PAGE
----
How can women transform porn?

Porn isn’t just porn. It’s a way of talking about sex and understanding masculinity and femininity. Right now, this discourse, and the theory behind it is almost entirely male, and often sexist as well. There are almost no women’s voices in this discourse, just as there was a time when there were no women’s voices in the worlds of politics and big business. I believe that women have the right to enjoy adult films, and we have to do so by demanding our share of discourse as screenwriters, producers, and directors. It’s not that I want to impose some kind of feminist censorship on the world of adult-oriented entertainment. The men who create that world will always have their point of view, and I accept and respect that. I just don’t want their point of view to be the only one.

I recently became a mother, and when my daughter sees her first adult film, I want her to take away positive messages about sexuality. So, I don’t want Rocco Siffredi, Nacho Vidal, or Marc Dorcel to be the ones explaining the world of sex to her through their explicit films.

So, what pornographers do you like?

I like the approach of Violet Blue, Tristan Taormino, Candida Royalle, Jennifer Lyon-Bell, and Zoe Cassavetes. They are producing, directing, distributing, and promoting a new kind of adult cinema that is not offensive for women. There’s a revolution going on right now, and we need more female voices to make our new approach more visible.

You use essentialist language throughout Good Porn, yet there are some -- particularly women, queers, and trans people -- who argue that desire cannot and should not be confined to a male vs. female dichotomy. How do you reconcile that?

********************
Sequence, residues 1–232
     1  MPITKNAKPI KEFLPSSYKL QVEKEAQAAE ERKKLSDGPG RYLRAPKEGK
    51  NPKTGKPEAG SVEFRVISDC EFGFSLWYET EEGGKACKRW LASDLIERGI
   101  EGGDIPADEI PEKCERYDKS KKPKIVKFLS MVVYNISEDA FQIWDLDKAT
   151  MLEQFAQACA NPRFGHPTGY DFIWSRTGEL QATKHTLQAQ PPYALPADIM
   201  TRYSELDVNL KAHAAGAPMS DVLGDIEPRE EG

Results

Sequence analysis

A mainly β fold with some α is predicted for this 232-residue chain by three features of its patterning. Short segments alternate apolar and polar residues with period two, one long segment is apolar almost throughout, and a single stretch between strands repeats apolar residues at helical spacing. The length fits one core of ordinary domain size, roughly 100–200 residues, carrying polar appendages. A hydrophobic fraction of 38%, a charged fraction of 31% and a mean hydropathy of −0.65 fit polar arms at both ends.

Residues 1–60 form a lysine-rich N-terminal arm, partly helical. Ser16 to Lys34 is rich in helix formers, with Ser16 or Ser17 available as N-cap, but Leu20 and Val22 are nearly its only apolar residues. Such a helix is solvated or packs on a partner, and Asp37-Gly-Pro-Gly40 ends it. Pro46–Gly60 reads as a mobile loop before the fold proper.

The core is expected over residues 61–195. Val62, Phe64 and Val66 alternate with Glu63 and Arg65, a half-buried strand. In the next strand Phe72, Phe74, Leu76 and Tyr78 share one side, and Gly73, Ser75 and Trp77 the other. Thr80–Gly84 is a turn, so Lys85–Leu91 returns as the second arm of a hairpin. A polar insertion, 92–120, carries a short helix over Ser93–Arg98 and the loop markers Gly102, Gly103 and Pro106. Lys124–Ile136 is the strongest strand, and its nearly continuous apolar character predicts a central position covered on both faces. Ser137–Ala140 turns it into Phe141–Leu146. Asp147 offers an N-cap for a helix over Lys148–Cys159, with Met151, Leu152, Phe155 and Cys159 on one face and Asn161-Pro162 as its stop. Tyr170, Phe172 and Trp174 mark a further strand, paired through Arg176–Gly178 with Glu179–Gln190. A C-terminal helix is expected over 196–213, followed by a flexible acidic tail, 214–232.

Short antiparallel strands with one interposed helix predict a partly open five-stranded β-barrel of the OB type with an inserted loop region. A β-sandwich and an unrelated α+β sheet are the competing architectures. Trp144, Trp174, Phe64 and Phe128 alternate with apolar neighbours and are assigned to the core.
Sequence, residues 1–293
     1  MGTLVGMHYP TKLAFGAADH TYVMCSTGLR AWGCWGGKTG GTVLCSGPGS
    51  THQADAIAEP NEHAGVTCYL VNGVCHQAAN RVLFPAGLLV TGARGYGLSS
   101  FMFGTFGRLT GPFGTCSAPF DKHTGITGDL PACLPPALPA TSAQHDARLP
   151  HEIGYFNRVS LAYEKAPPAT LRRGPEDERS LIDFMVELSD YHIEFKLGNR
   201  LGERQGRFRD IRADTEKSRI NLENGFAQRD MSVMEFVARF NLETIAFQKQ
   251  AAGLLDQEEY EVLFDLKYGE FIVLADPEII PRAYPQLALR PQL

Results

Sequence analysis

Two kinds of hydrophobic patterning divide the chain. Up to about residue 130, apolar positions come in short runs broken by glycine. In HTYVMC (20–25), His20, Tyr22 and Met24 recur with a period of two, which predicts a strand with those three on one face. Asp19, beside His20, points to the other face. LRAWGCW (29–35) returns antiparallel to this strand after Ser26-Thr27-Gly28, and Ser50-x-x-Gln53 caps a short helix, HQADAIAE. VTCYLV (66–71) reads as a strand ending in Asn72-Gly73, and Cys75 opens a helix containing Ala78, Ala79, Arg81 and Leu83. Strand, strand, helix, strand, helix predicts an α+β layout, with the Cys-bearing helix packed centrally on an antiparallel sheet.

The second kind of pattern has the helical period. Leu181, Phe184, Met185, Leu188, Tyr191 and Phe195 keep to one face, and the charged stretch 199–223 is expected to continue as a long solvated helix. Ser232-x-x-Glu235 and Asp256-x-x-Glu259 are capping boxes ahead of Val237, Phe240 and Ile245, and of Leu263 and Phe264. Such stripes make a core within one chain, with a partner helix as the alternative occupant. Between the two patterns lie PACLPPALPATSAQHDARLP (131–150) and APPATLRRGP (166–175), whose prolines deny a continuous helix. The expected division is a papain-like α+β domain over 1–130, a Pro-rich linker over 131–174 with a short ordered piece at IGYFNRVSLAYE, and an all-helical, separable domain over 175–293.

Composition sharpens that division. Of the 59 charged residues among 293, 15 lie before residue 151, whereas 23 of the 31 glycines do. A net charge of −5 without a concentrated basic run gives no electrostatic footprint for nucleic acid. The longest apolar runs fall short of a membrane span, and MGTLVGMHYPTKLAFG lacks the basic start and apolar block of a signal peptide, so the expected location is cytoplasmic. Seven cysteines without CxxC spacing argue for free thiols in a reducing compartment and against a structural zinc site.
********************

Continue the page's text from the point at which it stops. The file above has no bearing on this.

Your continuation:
Women are different from men. We have a different body and a different mind, so it’s pretty logical that our desires would be different. We are all individuals first, of course. But a big majority of women like similar stuff and share certain interests. Women should be able to enjoy adult films where we can listen to the female voice and focus on her pleasure. I don’t think that desire should be confined to a male vs. female dichotomy. Many men enjoy my films, and many men read feminine magazines -- and they are more than welcome to.

There are several explicit photos, film stills, and illustrations in the book. Were you afraid some readers might find them offensive?

I wanted to make a colorful and funny book with a great design, so I chose to include illustrations and pictures. I can’t think of one image in my book that is offensive. Maybe the illustration of a woman with cum on her face that exemplifies mainstream porn. Anyway, I’m Swedish. I may have more tolerance for sexual images than the average American woman.

Popular culture has become increasingly “pornified” through reality TV shows like Girls Gone Wild and American Apparel ads. How do you think the pornification of pop culture is impacting the porn industry?

I would guess they are happy. The porn industry wins when Jenna Jameson and Rocco Siffredi become celebrities. Like it or not, we live in a porn-saturated society; there’s porn all over the Internet, and there’s porn in the media. In this environment, it’s very important for women to take a critical approach to porn, constantly analyzing and challenging the values it transmits. We can’t just turn our backs on porn and think it doesn’t matter because men are the only ones looking at it. I mean, what men are seeing and learning also affects us since a lot of men understand and interpret female sexuality through what they see in porn. We have to remember that if porn is no longer in the closet, we must take it more seriously.

As a grassroots organizer, Mandy Van Deven has worked on a range of social justice issues -- from women's issues to education to queer rights -- with organizations in New York and Atlanta. She was an Associate Publisher of Clamor magazine before founding the Feminist Review blog, and her writing has appeared in VenusZine, Feministing, and Make/Shift.